Yet here I was with this list of records sitting in front of me. And it was an odd list.
Here are some jazz vinyl auctions to watch and record (for Jazz Collector) on eBay:
Charlie Parker, The Bird Blows the Blues, Dial 901. This is quite a rare find. I’m pretty sure we’ve established here on Jazz Collector that this was the first 12-inch jazz LP ever released, by Ross Russell at Dial as a promo with no cover. This particular copy is on red vinyl and is listed in VG condition with lots of scratches and no skips. The auction closes in less than two days and the bidding is in the $100 range.
Jutta Hipp at the Hickory House, Volume 1, Blue Note 1515. This looks to be an original pressing with the Lexington Avenue address and deep grooves. The seller lists the record and cover in VG+ condition, but if you look at the description in the listing it really reads a lot more like VG, with visible wear and audible noise. There are more than four days left in the auction and the bidding is in the $250 range.
Seldon Powell, Roost 2205. This is an original deep groove pressing. The record is VG+ and the cover is VG. The seller has a start price of around $350 and so far there are no takers. Think it will sell? I don’t. We haven’t seen it sell for more than around $220 in the Jazz Collector Price Guide, and that was in better condition.
I just spent some time perusing jazz vinyl listings on eBay and, my, I was able to fill up my watch list quickly. Here are some of the items, starting with: Pepper Adams, Donald Byrd, et al, Motor City Scene, Bethlehem 6056. This is a rare one you don’t see very often. In fact, I don’t recall ever seeing a copy of this record in any store or any collection. This one is in VG+ condition for the record and VG for the cover. It closes in a couple of hours and the bidding is at $450.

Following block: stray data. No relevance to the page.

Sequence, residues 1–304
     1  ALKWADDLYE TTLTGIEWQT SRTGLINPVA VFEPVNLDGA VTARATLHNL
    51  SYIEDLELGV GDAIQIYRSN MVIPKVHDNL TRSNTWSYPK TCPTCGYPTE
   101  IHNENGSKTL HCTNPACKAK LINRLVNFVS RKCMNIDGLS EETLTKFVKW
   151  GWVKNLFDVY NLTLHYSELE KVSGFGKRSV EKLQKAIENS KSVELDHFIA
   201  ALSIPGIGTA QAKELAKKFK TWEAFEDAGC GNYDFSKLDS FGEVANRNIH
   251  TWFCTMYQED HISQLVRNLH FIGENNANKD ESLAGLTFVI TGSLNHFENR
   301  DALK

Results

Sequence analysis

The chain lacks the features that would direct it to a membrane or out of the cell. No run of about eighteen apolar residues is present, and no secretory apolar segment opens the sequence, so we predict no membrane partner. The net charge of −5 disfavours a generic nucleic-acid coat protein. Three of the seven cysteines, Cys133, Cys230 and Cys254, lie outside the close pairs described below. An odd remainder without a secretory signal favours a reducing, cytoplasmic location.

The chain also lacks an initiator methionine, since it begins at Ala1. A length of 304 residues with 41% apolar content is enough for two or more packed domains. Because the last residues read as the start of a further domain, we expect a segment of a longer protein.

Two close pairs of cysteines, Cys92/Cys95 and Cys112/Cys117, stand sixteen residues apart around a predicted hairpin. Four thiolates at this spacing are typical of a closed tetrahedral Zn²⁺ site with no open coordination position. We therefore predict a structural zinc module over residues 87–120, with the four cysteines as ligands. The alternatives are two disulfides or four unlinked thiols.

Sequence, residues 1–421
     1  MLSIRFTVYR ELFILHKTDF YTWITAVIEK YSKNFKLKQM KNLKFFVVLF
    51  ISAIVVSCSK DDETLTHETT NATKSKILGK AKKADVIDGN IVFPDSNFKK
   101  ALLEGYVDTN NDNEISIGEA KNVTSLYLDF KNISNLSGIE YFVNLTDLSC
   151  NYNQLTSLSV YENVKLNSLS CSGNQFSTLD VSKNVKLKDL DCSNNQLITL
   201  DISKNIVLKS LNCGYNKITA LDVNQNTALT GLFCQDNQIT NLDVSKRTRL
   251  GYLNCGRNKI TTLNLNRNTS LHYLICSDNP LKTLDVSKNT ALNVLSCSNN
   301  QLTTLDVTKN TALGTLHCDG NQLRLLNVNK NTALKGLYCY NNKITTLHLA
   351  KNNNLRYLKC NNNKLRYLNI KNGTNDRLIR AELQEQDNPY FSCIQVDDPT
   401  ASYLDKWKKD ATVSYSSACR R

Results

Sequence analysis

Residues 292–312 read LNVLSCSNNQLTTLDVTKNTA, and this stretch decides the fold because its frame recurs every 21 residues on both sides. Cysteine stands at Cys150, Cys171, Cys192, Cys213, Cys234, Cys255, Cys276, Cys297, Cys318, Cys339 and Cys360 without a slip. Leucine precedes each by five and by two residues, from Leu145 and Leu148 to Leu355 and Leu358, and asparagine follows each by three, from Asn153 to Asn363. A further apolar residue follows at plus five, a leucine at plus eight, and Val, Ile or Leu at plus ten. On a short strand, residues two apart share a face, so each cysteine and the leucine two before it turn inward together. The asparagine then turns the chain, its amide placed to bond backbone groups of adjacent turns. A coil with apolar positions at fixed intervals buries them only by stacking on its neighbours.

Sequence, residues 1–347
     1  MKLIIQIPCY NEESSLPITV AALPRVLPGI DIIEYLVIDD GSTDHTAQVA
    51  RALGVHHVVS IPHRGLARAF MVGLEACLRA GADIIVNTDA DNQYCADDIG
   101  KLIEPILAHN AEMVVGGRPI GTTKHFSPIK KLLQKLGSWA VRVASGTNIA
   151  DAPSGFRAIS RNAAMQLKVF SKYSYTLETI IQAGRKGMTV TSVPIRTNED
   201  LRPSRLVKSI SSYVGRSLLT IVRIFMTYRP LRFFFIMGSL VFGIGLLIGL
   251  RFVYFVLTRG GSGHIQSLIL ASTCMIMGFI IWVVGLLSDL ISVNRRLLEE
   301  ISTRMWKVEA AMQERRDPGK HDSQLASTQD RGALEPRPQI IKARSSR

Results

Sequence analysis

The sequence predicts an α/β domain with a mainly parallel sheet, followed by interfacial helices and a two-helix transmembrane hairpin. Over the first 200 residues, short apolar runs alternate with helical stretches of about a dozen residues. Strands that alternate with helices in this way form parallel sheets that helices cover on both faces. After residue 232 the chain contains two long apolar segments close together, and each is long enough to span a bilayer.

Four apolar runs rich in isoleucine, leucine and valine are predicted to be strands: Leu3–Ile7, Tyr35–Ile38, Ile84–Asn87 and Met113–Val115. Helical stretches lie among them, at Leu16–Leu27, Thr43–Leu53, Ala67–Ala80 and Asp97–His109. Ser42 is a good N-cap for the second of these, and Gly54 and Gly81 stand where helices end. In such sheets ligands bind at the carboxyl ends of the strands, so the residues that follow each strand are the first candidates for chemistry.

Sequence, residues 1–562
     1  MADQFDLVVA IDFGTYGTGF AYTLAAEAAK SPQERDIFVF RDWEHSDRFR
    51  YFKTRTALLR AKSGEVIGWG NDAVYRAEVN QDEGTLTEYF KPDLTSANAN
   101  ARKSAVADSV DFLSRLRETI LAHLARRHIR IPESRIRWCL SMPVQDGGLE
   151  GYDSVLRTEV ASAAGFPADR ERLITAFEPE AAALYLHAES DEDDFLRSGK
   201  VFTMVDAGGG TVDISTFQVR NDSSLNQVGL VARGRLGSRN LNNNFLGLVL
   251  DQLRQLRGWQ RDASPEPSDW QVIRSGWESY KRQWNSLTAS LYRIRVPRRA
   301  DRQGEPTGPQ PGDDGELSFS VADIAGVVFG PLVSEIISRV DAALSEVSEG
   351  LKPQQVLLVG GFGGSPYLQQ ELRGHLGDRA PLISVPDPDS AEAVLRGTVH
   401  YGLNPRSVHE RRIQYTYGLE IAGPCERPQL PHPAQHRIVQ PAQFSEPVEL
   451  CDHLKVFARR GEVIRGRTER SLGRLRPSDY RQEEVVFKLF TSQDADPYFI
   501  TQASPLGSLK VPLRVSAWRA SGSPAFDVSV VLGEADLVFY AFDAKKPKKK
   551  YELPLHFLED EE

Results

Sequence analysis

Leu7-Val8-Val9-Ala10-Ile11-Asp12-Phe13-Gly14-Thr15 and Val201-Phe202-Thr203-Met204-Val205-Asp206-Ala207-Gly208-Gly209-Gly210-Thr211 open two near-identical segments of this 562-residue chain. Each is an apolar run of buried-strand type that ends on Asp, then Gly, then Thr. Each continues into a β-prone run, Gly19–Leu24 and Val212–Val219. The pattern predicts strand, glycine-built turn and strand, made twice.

The Return of Art Pepper, Jazz West JWLP 10. This looks to be an original pressing in VG+ condition for the record and probably VG or a little better for the cover, based on the seller’s description. It also closes today and the bidding is in the low $200 range.
Temptation is back: Freddie Redd, Shades of Redd, Blue Note 4045. This looks to be an original pressing listed in Ex condition for the record and VG++ for the cover. There are two days to go and the bidding is in the $250 range. Father’s Day is in a few weeks. Hmmm.
Saw this interesting movie yesterday called “The Girls in the Band.” It’s a documentary about female jazz musicians, not vocalists, from early jazz through today. So naturally, my reaction on walking out of the theater is that I wanted to write something about it for Jazz Collector and, of course, my focus would be on collectible records by female jazz artists. I was taxing my brain to come up with the most valuable jazz record by female artists and all I could come up with were the Toshiko Akiyoshi records on Storyville and Norgran. So I got up this morning, did a search by price on the Jazz Collector Price Guide and the obvious records came up right away: The Jutta Hipp records on Blue Note, particularly Blue Note 1530 with Zoot Sims. Duh. I didn’t think of these immediately because, surprisingly, Jutta Hipp was not one of the artists mentioned in the film. After the Jutta Hipp records, what’s the next highest priced record by a female artist in the Jazz Collector Price Guide? Take a guess. Hint: It’s not one that I thought of.